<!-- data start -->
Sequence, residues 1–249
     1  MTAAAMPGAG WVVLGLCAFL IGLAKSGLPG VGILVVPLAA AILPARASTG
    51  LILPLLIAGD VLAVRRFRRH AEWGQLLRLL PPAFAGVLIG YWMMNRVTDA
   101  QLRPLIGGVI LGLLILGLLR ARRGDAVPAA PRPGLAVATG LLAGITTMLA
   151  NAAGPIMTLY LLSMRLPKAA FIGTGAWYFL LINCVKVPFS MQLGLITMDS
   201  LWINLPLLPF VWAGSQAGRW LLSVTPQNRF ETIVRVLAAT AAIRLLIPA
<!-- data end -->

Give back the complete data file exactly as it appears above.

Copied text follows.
Sequence, residues 1–249
     1  MTAAAMPGAG WVVLGLCAFL IGLAKSGLPG VGILVVPLAA AILPARASTG
    51  LILPLLIAGD VLAVRRFRRH AEWGQLLRLL PPAFAGVLIG YWMMNRVTDA
   101  QLRPLIGGVI LGLLILGLLR ARRGDAVPAA PRPGLAVATG LLAGITTMLA
   151  NAAGPIMTLY LLSMRLPKAA FIGTGAWYFL LINCVKVPFS MQLGLITMDS
   201  LWINLPLLPF VWAGSQAGRW LLSVTPQNRF ETIVRVLAAT AAIRLLIPA